WASHINGTON -- Acting Homeland Security Secretary Kevin McAleenan on Sunday said that migrants detained along the southern US border will not be sent to sanctuary cities as President Donald Trump and some members of his administration have previously pushed for.
Appearing on CBS' "Face the Nation," McAleenan was asked to respond to the President having said on several occasions that he supported the idea, including last month during a rally in Wisconsin in which he claimed the process was already underway.
"As we've already talked about, we are balancing operationally the processing of people at the border. We have sent flights to California -- California is a sanctuary state by law, so that's technically correct," McAleenan told host Margaret Brennan.
In San Diego, the first official flight of migrants from overcrowded Texas border facilities arrived Friday afternoon. Three flights are scheduled to arrive weekly. Each flight will carry between 120-135 people.
Pushed about whether DHS is or will send migrants specifically to sanctuary cities, McAleenan first dodged the question, saying, "Our transportation is based on operational necessity, capacity to process safely -- that's what we're doing."
Asked in a follow-up by Brennan whether the answer to the question was "no," McAleenan answered, "Correct."
Last week, talk of a possible government plan to send migrants who are in federal custody to South Florida sparked concern from Florida officials, including Broward County Mayor Mark Bogen, who said he and other local officials learned this week from US Customs and Border Protection of a plan to release hundreds of migrants weekly into the area.
"This is a humanitarian crisis. We will do everything possible to help these people," Bogen said in a statement. "If the President will not provide us with financial assistance to house and feed these people, he will be creating a homeless encampment."
On Saturday, acting CBP Commissioner John Sanders said in a statement that the agency "has no plans" to transport migrants to northern or coastal cities, including those in Florida as had initially been discussed.
McAleenan said Sunday that migrants will not be flown to several other locations, specifically Detroit and Buffalo, stating the acting CBP commissioner made the decision Saturday not to send them there. McAleenan acknowledged Customs and Border Protection officials did earlier notify local authorities in those areas about the potential of migrants being sent to them.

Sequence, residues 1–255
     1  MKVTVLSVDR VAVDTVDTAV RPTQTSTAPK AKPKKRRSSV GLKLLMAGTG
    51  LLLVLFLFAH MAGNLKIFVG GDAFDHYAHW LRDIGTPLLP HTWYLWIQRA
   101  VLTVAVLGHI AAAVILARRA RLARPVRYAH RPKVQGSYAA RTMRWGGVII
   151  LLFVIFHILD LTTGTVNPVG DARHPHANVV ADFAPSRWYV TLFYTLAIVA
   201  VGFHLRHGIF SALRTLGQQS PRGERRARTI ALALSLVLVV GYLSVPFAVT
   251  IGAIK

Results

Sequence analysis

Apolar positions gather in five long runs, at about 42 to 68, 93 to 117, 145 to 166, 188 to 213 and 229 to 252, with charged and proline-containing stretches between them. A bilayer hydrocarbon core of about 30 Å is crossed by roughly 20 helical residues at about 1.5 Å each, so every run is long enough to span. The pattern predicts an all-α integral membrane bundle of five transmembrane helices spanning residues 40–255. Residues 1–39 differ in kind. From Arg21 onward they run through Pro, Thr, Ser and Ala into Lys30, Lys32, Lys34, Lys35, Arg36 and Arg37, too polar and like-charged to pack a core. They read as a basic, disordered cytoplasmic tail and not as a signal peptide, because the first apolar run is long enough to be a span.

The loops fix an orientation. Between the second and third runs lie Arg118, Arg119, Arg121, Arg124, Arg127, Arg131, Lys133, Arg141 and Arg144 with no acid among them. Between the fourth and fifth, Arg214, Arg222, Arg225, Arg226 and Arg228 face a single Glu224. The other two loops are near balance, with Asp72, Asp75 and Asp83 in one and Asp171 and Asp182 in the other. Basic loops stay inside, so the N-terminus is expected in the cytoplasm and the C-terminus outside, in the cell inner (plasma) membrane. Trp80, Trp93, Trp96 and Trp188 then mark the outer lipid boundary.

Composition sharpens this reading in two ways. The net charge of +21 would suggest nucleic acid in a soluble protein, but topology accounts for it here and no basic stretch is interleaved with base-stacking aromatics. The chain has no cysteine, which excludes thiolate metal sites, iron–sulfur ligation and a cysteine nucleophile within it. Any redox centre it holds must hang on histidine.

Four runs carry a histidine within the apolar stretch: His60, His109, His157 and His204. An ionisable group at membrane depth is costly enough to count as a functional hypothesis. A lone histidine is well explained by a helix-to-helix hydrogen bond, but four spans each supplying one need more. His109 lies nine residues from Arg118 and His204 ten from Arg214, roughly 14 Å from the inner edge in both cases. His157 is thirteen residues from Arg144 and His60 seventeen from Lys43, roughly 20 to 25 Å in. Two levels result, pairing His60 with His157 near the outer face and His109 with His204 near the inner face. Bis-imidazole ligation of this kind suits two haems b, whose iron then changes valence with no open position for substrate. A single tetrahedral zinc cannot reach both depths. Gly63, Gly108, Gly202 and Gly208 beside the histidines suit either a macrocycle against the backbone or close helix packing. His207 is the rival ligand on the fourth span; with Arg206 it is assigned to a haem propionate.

When asked in a follow-up question whether those communities will no longer be expected to take in some, he responded, "Yeah. That's right. But I think we should really stay focused on what's actually happening on the border."
McAleenan also confirmed that CBP will also not transport migrants to northern or coastal border facilities, saying such a move "wasn't going to be an effective use of resources."
"We have stations on the northern border. They're very small stations. They have a few agents that are busy patrolling their areas," he said. "There wasn't going to be an effective use of resources. But yeah, we had to look at all options. When you have 16,000 people in custody and facilities designed for many fewer, you've got to look at any planning factor you can."
Despite a tweet from President Donald Trump Sunday denying earlier reports that migrants would be sent to northern or coastal border facilities, a CBP official Friday told reporters that authorities were looking at locations across the country where the agency has temporary detention facilities able to process the immigrants upon arrival.
Those locations are primarily along the northern and coastal border, the official said, adding that CBP had "preliminary" conversations with a number of localities across the country about "contingency plans" to fly out groups of recently apprehended immigrant families.